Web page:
by Caitlin Huston
A Logansport man will continue his 200-year sentence after an Indiana Court of Appeals decision found that the sentence matched his crime of multiple accounts of sexual assault on a minor.
Jesse L. Rose was found guilty by a jury on March 1, 2012, of four counts of child molesting, which had reportedly spanned seven years. Rose lost the appeal for the maximum sentence and his conviction, as the court of appeals stated that the evidence supported the multiple acts of sexual assault.
The appeals decision states that though Rose questioned the evidence in the four counts of child molesting, class A felonies, DNA evidence, as well as testimony from the victim acts as “sufficient evidence.”
The decision states that the victim’s testimony was “filled with descriptions of sexual abuse that no child should suffer.”
Rose, who is represented by attorney Michael Boonstra, also argued that his sentence was inappropriate because it is “essentially a life sentence.” Maughmer originally handed four consecutive, 50-year sentences for each count, to the Indiana Department of Correction.
Rose also argued that the trauma suffered was emotional and not physical, meaning that he should get a shorter sentence. However, the court of appeals disagreed, saying “it is perplexing as to why Rose argues and almost assumes that we should elevate physical harm over emotional and mental harm.”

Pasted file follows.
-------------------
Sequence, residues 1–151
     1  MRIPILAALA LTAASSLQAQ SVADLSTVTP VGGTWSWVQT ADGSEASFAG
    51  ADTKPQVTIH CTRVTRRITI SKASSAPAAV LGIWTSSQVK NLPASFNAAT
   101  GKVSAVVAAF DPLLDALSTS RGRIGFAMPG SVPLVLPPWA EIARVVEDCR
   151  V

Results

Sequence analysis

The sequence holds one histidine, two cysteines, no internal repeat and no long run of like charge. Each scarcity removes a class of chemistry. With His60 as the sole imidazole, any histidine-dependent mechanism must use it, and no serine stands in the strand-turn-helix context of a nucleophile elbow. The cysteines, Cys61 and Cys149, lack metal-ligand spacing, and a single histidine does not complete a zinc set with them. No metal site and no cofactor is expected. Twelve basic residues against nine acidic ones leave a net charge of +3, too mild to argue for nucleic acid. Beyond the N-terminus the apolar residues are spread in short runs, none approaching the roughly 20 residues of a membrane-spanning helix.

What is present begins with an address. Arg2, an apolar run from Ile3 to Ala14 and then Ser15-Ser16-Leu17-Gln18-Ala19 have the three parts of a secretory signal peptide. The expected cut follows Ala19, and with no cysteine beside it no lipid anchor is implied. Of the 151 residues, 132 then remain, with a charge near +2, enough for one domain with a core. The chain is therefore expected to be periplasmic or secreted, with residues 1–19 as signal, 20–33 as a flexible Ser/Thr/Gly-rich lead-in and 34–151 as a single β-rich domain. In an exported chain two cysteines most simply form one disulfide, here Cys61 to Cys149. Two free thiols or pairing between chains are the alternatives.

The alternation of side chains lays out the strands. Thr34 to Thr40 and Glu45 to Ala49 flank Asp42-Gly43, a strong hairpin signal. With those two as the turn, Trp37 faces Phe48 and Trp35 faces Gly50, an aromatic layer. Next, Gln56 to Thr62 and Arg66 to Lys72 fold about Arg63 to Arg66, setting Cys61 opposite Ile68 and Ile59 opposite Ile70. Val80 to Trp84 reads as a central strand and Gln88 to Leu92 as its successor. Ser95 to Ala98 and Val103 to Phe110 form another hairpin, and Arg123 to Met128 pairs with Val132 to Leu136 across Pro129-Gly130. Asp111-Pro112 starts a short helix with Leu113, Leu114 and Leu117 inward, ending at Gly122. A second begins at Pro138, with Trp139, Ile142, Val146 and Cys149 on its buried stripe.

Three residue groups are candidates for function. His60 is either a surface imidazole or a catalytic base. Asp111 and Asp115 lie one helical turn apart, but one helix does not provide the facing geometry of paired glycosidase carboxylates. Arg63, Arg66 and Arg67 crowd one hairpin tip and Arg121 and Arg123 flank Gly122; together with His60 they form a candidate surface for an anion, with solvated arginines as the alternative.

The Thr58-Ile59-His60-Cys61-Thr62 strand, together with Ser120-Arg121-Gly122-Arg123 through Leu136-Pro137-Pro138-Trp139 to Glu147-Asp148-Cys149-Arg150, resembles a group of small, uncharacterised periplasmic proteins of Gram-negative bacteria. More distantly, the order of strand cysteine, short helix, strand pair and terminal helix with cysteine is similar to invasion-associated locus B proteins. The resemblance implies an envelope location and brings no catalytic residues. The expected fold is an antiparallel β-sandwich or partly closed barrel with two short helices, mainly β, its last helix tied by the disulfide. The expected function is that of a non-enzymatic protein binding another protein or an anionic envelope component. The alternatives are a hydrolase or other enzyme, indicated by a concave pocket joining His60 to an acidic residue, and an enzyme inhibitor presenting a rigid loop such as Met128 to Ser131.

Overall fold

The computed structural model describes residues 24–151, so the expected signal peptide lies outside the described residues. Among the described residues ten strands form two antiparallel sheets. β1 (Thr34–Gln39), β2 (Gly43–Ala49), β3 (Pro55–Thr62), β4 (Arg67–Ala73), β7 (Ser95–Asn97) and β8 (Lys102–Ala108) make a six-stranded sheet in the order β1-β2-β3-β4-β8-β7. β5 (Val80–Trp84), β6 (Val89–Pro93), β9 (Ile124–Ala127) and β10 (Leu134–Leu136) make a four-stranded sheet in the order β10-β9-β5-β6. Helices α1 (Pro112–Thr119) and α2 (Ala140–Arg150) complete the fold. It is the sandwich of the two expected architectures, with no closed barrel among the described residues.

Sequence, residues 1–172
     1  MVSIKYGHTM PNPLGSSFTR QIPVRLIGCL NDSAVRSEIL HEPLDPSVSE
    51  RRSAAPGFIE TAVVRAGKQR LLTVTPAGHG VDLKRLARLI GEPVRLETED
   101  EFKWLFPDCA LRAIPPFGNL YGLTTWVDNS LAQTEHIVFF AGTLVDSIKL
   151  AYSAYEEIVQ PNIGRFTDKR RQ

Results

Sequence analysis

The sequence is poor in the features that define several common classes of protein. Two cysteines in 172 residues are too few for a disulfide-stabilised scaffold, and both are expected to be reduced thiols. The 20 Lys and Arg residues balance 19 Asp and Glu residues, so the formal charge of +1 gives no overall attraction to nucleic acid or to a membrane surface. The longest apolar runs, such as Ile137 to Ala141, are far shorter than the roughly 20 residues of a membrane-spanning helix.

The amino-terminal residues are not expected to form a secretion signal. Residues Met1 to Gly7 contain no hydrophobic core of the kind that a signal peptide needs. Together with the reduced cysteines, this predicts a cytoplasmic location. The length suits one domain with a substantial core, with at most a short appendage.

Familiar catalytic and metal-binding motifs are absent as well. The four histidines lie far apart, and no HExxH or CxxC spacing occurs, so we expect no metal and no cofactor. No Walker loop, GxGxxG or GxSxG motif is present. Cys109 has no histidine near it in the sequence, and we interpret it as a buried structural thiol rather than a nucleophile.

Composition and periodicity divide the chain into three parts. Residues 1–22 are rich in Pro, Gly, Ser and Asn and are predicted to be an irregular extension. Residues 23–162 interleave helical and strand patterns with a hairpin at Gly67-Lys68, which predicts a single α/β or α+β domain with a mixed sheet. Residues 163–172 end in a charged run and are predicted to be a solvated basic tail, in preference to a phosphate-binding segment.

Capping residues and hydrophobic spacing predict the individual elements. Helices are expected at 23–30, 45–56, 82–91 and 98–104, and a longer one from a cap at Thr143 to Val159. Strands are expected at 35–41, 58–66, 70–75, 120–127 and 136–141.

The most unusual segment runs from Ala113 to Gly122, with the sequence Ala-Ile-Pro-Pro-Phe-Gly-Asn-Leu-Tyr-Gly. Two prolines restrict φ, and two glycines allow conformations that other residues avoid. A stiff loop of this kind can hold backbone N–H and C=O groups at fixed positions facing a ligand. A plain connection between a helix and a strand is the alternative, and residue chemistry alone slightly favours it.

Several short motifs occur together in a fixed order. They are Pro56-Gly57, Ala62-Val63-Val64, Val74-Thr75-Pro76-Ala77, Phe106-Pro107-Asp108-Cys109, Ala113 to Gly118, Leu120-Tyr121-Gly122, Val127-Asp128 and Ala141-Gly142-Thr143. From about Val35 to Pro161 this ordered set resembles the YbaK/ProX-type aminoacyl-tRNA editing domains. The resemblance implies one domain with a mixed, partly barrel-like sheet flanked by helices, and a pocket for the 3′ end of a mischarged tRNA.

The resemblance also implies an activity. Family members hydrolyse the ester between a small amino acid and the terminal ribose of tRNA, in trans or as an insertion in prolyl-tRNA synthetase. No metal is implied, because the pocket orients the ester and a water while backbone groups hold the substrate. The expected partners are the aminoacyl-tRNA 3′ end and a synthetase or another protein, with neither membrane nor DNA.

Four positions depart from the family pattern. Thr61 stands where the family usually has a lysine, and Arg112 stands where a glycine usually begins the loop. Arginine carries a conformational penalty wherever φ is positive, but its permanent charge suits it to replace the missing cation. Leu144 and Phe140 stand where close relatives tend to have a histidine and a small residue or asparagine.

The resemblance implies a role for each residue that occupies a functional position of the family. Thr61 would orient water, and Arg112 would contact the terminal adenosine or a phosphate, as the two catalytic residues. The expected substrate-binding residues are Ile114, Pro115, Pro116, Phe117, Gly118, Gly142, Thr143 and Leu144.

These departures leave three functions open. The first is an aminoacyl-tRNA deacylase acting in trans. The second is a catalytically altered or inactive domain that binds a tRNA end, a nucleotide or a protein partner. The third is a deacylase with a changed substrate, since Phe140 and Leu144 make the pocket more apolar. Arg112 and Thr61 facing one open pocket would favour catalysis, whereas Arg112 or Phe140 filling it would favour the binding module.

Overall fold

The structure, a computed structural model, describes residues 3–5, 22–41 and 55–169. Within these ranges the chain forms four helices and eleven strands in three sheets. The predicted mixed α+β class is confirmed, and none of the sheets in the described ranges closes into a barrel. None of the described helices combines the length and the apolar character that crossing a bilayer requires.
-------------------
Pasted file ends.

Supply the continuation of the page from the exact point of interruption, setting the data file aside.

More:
The court of appeals also cited his “extensive criminal history,” which dates back to burglary charges when Rose was 15 years old and includes 11 felony convictions and 18 misdemeanor convictions.
Ultimately, the court found that Rose’s sentence was appropriate because he is among the “worst offenders.”
“These facts along with his extensive criminal record places him squarely in this category,” the decision states.
One judge agreed with the majority of the opinion, but stated that the 200-year sentence should run consequently, instead of consecutively.
“Although I abhor Rose’s actions, I find that his character does not warrant the imposition of four consecutive 50-year sentences,” the judge said.
Cass County Chief Deputy Prosecutor Lisa Swaim agreed with the appeal’s decision, saying that Rose committed “heinous acts.”
“He violated a person who he had a possession of trust with,” Swaim said.
Cass County Prosecutor Kevin Enyeart said Swaim had “poured her soul into this case,” and worked to bring justice to the family.
“We worked on it for years,” Swaim said.
Swaim added that she was pleased with the appeal decision, but knows the issue is still ongoing with the victim.
“I am very happy, especially for the victim in this case,” Swaim said. “But I know that [the victim’s] ordeal, even with the defendant behind bars, is ongoing.”
Enyeart said Rose could still appeal the decision to the Indiana Supreme Court.
Caitlin Huston is a staff reporter of the Pharos-Tribune. She can be reached at 574-732-5148 or firstname.lastname@example.org.
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